If you’re from Ticonderoga…you probably know Fred Provoncha! Author, historian, native son and memory keeper, Provoncha’s love for Ticonderoga is real and deep. He is tireless and passionate about the past, present and future of the region and generous in sharing his knowledge. We asked him to share some of his thoughts and impressions about “Ti town” with Ticonderoga360.com…
A. I played in the ruins of the old mills as a child, and wondered what they were all about. Upon returning to TI in 2005, I became involved with the Ticonderoga Heritage Museum and became immersed in the history of the area. Building on the research of others, I added my lifelong passion for genealogy, and geology to flesh out the story of US.
Q. How did you come to write your book Ticonderoga (Images of America Series)?
A. They came to me. I had previously been asked by several folks to write a history of Ti, but that’s a fairly daunting task. The book I did produce lets the readers tell their own story by explaining the pictures to friends, family and neighbors. Working for IBM 50 hours a week, and trying to meet the books deadlines were significant challenges.
Q. What is your favorite Ticonderoga historical fact, event or person?
A. Person, Clayton H. Delano, “author” of the Ticonderoga Pulp and Paper Co, and co-author of the High School. Fact? d’Alainville. After the Iroquois “Eastern Gate of the Great Long House”, the French built a fort and village here.
Q. The popular Facebook Page “If You Grew Up In Ticonderoga NY You Remember…” is incredibly active! Why do you think people from Ticonderoga are so tightly connected by their collective history?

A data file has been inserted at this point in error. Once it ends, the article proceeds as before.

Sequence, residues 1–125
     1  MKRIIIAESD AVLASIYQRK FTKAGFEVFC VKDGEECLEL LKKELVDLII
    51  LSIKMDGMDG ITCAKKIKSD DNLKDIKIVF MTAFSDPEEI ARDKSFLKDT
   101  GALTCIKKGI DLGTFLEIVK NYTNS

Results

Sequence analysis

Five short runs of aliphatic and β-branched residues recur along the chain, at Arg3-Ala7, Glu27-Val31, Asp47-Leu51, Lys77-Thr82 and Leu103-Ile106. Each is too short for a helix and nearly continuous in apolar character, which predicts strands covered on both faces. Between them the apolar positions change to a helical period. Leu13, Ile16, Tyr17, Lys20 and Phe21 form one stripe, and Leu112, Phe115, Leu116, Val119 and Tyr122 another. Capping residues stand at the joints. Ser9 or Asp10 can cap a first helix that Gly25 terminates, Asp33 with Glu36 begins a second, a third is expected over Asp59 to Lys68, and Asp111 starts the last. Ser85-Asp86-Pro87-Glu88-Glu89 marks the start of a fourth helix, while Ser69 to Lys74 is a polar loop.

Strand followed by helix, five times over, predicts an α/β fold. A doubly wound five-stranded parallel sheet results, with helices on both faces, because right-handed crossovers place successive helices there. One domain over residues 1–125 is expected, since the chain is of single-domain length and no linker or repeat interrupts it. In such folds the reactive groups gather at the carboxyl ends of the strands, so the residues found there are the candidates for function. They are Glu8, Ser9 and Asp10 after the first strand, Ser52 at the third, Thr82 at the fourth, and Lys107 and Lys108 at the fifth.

A. It’s in the air, and it’s in our blood. Our ancestors are buried here, the stories of the enterprise that Ticonderoga is and was are endless, and fascinating. Growing up here was special, you hear that over and over. This is the place…
A. I was hired by the Museum as it’s coordinator at the end of 2005, shortly after moving back to Ti. A couple of years ago that position was eliminated, and I was named Technical Director. I recently resigned that position to take on as the board chairman recently announced, a roll as museum Ambassador.
Q. Is your family as immersed in the local history as you are?
A. My wife has been immersed in family History for many years, and was the Lynbrook NY branch family history center director for several years. The kids just nod and pat me on the head from time to time…
Q. What is your “day job”?
A. Up until last year I had been a consultant for IBM, working the General Electric account. When GE terminated the IBM contract, I was “Freed”. I’ve retired from Citibank, First Data and Estee Lauder. My day job now is keeping an eye on my wife, Holly.
Q. Based upon what you know about the history of Ticonderoga, what do you see for the future?
A. As I see it, Ti’s future is in the hands of Washington. If they make it possible for small businesses and small towns to survive, then we will. No town I’ve ever seen has more assets than Ti. Will it be economically possible to develop and use them? Time will tell.
Q. What changes would you most like to see in Ticonderoga?
A. We have to have a bridge to Vermont in Ti. Almost half our potential is lost without one..
Q. What do you most want people to know about Ticonderoga?
A. I most want them to know what it was, who built it, what it is now, and what it could be.
Q. What is your favorite memory of living in Ti?
A. Winter. Snow forts, ice rinks, sleds, toboggans, skis and more. We didn’t endure winter, we lived it, and loved it…
- Ashley Sofia: Folk Rock Musician
- Steve LaMere: Director Essex County Fish Hatchery
- Lynda Mackey: Ticonderoga Dog Park Volunteer
- Heather Johns : Director, Black Watch Memorial Library